Creating a Web-based BBS, Part 1
For a period of time last year, the buzzword on the Web was “community”. Everyone wanted to build a virtual community, allowing people to interact on-line in much the same way as they interact in real life.
While virtual communities were (and are) overhyped, it is true that the Internet has produced a number of such on-line groups, many of whose members have never met in person. If you're reading this magazine, you probably participate in at least one e-mail list, chat system or Usenet newsgroup. Indeed, Linux would probably not be the success it is today were it not for communities of developers and users sharing information with each other via the Internet.
Several methods are available for creating an on-line community, beginning with the oldest and best-known, an e-mail list. Setting up a mailing list is relatively easy, and only minimal resources are necessary to keep a list running. Another popular option is a Usenet newsgroup, which uses a similar format but a different distribution mechanism than e-mail.
Still another option is a web-based bulletin board system. While such systems are neither as flexible nor as powerful as Usenet or e-mail lists, they do offer a number of advantages. They are resistant to spam, can be easily integrated into other aspects of a web site and give visitors to the web site a chance to participate in discussion without having to register. Many commercial web sites now offer bulletin boards for their users, in the hopes of turning their site into a truly interactive and two-way experience, rather than another distribution medium for their content.
Starting in this issue, we will take a three-part look at how to create a simple bulletin board system of our own. This project was suggested by reader Dwight Johnson and also influenced by my creation of an “At the Forge” home page that will include examples of the programs presented in these columns, as well as a central place for readers to discuss the programs.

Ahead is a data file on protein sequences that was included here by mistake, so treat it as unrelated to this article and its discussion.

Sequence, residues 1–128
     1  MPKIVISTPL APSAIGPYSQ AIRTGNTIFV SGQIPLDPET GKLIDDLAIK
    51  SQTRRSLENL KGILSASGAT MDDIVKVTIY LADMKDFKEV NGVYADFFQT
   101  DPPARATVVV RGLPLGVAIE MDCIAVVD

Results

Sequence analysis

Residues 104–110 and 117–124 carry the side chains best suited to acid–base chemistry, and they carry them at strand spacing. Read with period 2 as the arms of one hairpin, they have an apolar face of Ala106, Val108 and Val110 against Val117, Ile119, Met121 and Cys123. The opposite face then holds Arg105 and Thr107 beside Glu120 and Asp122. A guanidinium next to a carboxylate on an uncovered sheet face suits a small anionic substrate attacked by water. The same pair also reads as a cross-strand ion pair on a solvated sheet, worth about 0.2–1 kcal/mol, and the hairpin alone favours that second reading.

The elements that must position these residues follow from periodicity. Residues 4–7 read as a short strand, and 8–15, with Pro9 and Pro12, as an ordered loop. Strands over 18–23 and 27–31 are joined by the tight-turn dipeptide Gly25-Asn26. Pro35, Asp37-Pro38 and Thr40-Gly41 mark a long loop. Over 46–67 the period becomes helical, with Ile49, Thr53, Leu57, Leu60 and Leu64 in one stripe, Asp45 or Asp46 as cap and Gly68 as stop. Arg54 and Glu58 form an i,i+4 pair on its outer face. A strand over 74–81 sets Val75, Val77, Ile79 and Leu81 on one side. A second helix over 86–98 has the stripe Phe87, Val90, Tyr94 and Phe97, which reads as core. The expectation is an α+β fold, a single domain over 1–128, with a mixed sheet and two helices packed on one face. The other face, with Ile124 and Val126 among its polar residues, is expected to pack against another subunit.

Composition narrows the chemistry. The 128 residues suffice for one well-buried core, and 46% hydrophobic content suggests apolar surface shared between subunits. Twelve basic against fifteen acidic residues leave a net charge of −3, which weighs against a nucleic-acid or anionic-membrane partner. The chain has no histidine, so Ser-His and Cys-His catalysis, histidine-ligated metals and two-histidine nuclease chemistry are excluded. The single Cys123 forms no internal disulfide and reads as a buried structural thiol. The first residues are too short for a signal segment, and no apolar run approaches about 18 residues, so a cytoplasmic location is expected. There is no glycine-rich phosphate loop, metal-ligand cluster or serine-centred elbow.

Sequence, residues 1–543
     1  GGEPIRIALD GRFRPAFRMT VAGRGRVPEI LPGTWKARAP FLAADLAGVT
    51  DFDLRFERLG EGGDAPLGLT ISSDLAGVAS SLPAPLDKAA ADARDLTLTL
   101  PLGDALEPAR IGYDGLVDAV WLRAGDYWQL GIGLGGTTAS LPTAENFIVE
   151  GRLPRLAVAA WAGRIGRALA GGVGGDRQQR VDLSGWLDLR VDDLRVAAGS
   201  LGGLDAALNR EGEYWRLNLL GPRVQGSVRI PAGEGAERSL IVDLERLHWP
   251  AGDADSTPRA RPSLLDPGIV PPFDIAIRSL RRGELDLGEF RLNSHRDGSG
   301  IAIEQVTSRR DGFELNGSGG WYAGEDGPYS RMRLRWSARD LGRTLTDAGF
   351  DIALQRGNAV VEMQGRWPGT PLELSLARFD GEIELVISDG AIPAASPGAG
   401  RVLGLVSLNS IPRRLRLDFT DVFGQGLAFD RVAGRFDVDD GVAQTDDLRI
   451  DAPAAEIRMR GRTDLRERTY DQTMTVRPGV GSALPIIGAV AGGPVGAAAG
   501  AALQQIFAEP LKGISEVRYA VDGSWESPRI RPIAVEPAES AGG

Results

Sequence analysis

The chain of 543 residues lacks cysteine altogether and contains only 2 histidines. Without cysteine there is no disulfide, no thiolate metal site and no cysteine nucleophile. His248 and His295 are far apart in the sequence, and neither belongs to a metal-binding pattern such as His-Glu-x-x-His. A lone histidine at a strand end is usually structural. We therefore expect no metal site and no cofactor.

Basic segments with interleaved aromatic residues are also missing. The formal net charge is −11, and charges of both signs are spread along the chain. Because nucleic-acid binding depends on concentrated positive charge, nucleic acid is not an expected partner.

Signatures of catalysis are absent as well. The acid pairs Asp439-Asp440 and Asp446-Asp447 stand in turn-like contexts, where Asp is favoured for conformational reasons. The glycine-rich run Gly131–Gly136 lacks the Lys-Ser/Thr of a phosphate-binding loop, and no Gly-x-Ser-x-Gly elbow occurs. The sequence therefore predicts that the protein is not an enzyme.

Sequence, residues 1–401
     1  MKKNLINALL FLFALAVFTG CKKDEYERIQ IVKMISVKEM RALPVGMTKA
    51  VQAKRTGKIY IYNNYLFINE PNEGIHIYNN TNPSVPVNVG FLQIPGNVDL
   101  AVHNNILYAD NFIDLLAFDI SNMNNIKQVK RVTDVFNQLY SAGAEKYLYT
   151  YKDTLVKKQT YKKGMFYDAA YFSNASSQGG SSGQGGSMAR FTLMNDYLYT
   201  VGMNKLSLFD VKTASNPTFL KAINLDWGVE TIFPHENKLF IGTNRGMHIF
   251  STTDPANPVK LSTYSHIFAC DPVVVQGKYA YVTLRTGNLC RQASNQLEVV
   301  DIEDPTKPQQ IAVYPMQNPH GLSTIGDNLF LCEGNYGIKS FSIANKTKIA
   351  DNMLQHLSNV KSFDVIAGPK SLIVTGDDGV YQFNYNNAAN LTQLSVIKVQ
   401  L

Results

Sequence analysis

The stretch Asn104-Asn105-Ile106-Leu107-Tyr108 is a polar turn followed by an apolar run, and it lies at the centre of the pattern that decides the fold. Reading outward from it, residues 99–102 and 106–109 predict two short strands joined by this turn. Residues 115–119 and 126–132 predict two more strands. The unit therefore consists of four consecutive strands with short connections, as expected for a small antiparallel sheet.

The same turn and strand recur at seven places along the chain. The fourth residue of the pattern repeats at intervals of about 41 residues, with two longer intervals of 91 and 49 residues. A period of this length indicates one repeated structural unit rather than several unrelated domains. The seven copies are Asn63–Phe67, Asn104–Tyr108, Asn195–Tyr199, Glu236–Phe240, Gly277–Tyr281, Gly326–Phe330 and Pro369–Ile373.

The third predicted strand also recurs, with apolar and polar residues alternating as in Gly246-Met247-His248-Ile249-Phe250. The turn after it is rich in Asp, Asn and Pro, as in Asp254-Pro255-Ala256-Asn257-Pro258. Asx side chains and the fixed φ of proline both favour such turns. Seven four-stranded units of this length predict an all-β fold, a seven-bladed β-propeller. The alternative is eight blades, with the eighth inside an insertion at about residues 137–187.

This month, we will look at the basic guts of the bulletin board system to be used on the ATF site. As you will see, I have decided to keep the software and the BBS very simple, without certain advanced features such as hierarchies and threading. However, it should not be difficult to add these features to the software, or to use this as a base for a more advanced system. Next month, we will add enough features to make this a serviceable BBS. Finally, in the third part of this series, we will look at ways in which we can add a number of useful features to the system.
The first consideration is the look and feel of the BBS, since that will force our hand on a number of other issues. As I indicated above, it is my goal to keep this software as simple as possible. I decided to keep discussions in a non-hierarchical manner. Each message belongs to a single thread within the BBS. We will not keep track of replies or allow sub-threads. Messages within a thread will be presented in chronological order, from the newest message to the oldest.
The user will thus have several possible options at any given point: starting a new thread, posting a new message to an existing thread, listing the current threads, or looking through the messages in one thread.